Today was a normal day, except the sun and moon colors were strange. After 5pm, the sky was covered with cirrostratus-like translucent clouds and the sky was a blend of blue and grey.

Everything would be fine, except that the sun was orange between 4-5pm. Then by around 5-6pm, the sun was completely red like blood even though it was still high up, and it was 1+ more hour to sunset.

Then, I didn't look at the sky until 8pm when it was already dark. When I went out, the moon was red just like the sun couple hours before.

The whole thing I saw from around south side od Chicago on US Labor Day (4 Sep, 2017). I didn't take pictures of the sun unfortunately because I disregarded its color, but I took pictures of the moon.

Here's how the moon looked through my phone camera, through binoculars: Red moon 1

Here is a similar picture but edited so that the moon looks exactly like I saw it with naked eye: Red moon 2

What can thia be caused by? (As of writing this at 10:06pm the moon is still red, and it is 6 hours since both the sun and the moon were red/orange)

EDIT: I also didn't see anything about this phenomenon in the media which is strange, and once again, this was seen from Chicago.

  • 1
    $\begingroup$ I experienced the same in Germany on the 31st of August. $\endgroup$
    – Zaibis
    Commented Sep 5, 2017 at 7:43
  • 2
    $\begingroup$ If you think it's bad in Chicago you should see what we woke up to in Seattle today. There's a thin layer of ash on everything. $\endgroup$ Commented Sep 5, 2017 at 17:13
  • $\begingroup$ Is it safe to look at the sun when it's in this condition? We still have our eclipse glasses but you can't see anything at all with them on. $\endgroup$
    – stannius
    Commented Sep 5, 2017 at 20:00
  • $\begingroup$ @stannius, yes, it's as fine as it is to look at the sun normally (not very fine, but not like an eclipse) $\endgroup$
    – user10976
    Commented Sep 5, 2017 at 21:15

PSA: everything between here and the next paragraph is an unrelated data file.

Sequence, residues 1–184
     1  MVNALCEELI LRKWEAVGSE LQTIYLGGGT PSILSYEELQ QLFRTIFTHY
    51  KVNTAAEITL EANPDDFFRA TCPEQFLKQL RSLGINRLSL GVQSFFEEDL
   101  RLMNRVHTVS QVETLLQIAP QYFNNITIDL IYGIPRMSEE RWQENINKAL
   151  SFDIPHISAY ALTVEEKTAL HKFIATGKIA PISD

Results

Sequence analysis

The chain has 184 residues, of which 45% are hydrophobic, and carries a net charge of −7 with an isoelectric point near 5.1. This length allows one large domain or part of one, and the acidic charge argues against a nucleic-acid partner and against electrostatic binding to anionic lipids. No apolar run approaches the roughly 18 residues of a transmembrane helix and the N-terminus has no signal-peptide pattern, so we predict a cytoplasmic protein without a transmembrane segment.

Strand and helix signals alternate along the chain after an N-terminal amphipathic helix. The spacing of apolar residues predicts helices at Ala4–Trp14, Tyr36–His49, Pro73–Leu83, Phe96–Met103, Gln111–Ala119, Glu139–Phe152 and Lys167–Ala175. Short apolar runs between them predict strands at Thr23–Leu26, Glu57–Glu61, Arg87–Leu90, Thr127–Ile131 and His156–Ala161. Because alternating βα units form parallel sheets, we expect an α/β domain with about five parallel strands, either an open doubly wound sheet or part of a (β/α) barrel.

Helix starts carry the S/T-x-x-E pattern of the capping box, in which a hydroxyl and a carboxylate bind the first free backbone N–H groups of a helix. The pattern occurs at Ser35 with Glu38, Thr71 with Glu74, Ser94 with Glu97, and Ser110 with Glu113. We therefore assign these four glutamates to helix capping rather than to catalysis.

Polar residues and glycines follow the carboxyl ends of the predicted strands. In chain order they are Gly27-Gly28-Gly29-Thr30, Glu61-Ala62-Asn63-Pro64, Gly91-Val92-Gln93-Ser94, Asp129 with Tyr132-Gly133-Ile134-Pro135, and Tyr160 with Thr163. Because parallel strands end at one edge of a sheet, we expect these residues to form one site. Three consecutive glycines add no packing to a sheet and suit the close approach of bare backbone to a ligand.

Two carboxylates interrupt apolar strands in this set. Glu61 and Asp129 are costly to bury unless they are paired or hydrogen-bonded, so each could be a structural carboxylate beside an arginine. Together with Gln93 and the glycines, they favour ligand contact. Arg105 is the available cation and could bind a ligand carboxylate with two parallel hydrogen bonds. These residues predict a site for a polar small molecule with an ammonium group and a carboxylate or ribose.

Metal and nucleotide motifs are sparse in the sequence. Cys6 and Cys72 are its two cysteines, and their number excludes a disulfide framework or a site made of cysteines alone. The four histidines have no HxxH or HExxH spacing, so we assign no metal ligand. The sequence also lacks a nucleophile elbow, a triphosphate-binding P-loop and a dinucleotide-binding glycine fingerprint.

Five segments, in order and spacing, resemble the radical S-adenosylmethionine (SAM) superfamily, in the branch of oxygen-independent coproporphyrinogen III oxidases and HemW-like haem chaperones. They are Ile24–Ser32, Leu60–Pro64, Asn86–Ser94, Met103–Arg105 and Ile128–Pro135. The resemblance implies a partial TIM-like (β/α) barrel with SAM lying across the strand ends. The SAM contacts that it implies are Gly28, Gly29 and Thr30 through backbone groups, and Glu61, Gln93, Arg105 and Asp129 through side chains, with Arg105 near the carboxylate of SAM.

• $\begingroup$ @Eric, I live in seattle, and I left my window open last night (so hot). Woke up to ash ALL OVER my room. $\endgroup$
    – user10976
    Commented Sep 5, 2017 at 21:15

1 Answer 1


Smoke. There was significant smoke across the USA, which attenuated the light from the sun/moon due to increased scattering. The smoke particles effectively cause the light to reflect in different directions, so you see more colors.

See below for the HMS Smoke Polygons for the day, which clearly shows smoke over your region from the intense smoke/wildfire activity in the Pacific Northwest. You can also see the NASA Worldview composite of VIIRS visible imagery for the day, with fire locations in red.


enter image description here

  • 23
    $\begingroup$ HMS Smoke Polygons -- not the best name the Royal Navy ever chose for a warship. $\endgroup$ Commented Sep 5, 2017 at 11:58
  • 1
    $\begingroup$ It would be better to add where the smoke originated (even though many know it already). $\endgroup$
    – EKons
    Commented Sep 5, 2017 at 17:16
  • 2
    $\begingroup$ @ΈρικΚωνσταντόπουλος Its in the answer: "from the intense smoke/wildfire activity in the Pacific Northwest" $\endgroup$
    – Polygnome
    Commented Sep 5, 2017 at 17:24
  • $\begingroup$ @Polygnome I was searching for "LA" or "Los Angeles" haha $\endgroup$
    – EKons
    Commented Sep 5, 2017 at 17:26
  • $\begingroup$ The smoke has been so intense here lately that many mornings you can barely see the sun, and when you can it is very very red. $\endgroup$
    – corsiKa
    Commented Sep 5, 2017 at 20:26

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